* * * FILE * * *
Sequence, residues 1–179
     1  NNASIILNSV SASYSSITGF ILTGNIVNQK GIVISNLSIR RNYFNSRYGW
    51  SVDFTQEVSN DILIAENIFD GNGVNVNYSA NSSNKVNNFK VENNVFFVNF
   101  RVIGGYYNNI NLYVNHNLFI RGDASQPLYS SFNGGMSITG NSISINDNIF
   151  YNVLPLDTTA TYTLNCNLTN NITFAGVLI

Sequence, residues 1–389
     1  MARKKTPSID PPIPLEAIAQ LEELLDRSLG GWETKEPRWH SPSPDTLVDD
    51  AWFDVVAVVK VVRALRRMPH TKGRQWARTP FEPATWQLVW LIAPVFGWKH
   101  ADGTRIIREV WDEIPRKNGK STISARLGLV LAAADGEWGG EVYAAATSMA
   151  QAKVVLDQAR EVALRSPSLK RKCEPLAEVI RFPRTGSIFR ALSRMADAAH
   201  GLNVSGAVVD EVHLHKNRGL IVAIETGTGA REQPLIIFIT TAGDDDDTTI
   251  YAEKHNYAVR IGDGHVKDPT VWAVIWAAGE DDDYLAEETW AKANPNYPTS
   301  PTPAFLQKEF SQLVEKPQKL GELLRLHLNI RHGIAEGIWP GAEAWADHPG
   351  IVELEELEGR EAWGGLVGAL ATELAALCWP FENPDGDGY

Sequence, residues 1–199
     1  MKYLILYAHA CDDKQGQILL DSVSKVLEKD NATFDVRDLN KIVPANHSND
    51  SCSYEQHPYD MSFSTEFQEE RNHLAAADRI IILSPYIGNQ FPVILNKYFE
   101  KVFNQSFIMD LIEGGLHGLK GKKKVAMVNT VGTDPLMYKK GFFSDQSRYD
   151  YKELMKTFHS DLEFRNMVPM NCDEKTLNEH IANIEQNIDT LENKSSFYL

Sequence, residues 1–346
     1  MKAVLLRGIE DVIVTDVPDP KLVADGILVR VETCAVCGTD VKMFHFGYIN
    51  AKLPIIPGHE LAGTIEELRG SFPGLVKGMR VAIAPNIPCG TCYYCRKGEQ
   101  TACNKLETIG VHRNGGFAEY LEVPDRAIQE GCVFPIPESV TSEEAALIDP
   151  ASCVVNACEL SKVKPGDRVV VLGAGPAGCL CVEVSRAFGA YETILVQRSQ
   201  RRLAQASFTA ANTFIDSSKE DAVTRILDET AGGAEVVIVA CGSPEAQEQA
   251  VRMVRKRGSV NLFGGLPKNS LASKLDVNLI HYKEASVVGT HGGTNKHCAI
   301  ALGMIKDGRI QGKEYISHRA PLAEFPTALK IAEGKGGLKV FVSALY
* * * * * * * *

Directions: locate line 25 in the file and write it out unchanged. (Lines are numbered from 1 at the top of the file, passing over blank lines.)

   201  RRLAQASFTA ANTFIDSSKE DAVTRILDET AGGAEVVIVA CGSPEAQEQA